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La. Guard aviators restore marshland during annual Christmas Tree Drop

By Staff Sgt. David C. Kirtland, Louisiana National Guard Public Affairs Office

NEW ORLEANS – The Louisiana National Guard’s A Company, 1st Assault Helicopter Battalion, 244th Aviation Regiment supported the U.S. Fish and Wildlife Service during the annual Christmas Tree Drop in the Bayou Sauvage National Wildlife Refuge in New Orleans East, March 20.

The LANG aviators’ mission is to hook up and drop bundles of recycled Christmas trees donated by residents of Orleans Parish to strategic locations for marshland restoration in Bayou Sauvage, the second largest urban wildlife refuge in the United States.

The emplacement of the Christmas trees enables the development of new marsh habitats by constructing supportive structures that promote the growth of native marsh grasses. These structures efficiently trap and hold sediment, promoting land expansion and creating stable ecosystems crucial for the wildlife of Bayou Sauvage.

“We are very lucky to be able to work with the Louisiana National Guard, and if it wasn’t for them, we would be manually doing this project,” said Shelly Staies, refuge manager for the U.S. Fish and Wildlife Service. “It’s a win-win for both of us because we get these trees put in, and they get to practice dropping sling loads.”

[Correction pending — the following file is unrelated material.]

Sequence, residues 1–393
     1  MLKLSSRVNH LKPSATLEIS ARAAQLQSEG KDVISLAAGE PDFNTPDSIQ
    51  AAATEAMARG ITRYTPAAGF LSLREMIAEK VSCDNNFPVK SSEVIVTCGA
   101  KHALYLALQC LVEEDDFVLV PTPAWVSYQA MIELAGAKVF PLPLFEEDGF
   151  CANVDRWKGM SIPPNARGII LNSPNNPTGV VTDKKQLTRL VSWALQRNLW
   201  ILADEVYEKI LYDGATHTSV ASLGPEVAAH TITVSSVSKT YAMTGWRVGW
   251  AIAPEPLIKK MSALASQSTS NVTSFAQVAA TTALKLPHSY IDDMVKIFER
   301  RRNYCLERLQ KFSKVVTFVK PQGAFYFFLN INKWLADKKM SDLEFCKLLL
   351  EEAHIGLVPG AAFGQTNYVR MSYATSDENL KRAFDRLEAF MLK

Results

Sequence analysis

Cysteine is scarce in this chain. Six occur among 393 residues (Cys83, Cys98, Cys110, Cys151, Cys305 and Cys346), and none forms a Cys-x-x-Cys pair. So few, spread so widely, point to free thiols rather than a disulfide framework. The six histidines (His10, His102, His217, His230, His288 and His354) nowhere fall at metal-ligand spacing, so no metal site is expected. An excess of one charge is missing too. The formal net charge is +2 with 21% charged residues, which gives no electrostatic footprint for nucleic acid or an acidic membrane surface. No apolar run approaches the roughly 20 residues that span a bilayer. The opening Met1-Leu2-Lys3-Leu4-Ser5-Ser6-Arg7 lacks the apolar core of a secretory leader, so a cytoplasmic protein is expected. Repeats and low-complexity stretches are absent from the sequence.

“Let’s not forget the citizens, without the citizens of New Orleans donating these trees we could not do this project,” added Staies.

Over the span of 25 years, the project has restored hundreds of acres within the Bayou Sauvage NWR, playing a pivotal role in New Orleans’ coastal restoration efforts. This year, the LANG and the U.S. Fish and Wildlife Service emplaced roughly 8,000 Christmas trees. The combined impact of the Christmas Tree Drop initiative throughout the years has resulted in the restoration of marshland equivalent to approximately 200 football fields.

“The Christmas trees dampen the wave energy and allow settlements to fall out of the water. Once the settlements fall, it provides substrate for plants to take root,” said Pon Dixson, project leader for the Bayou Sauvage NWR. “The trees are doing what their designed to do. The project is a benefit for everyone.”

Chief Warrant Officer 4 Gabriel Ruiz, from the Louisiana National Guard, responsible for overseeing aerial operations for the Christmas Tree Drop, stressed the significant importance of participating in this annual event. He underscored that it offers vital training opportunities in a controlled setting, enabling flight crews to hone their skills. This training ensures that they are thoroughly prepared to carry out their missions swiftly and effectively during emergency operations.

“The annual Christmas Tree Drop program represents a long-standing partnership between the Louisiana National Guard and the U.S. Fish and Wildlife Service. It benefits the city of New Orleans and surrounding coastal environment while also providing valuable training hours for our pilots and crew members of the 1st Assault Helicopter Battalion, 244th Aviation Regiment,” said Ruiz.

Joining the 1-244th AHB in this year’s operations were Soldiers from the 1-169th Air Traffic Services, who assisted with onsite communications and the air space management for the LANG helicopter crews.

The annual Christmas Tree Drop program is coordinated by the City’s Office of Resilience and Sustainability and Department of Sanitation, in partnership with the U.S. Fish and Wildlife Service and the Louisiana Army National Guard.

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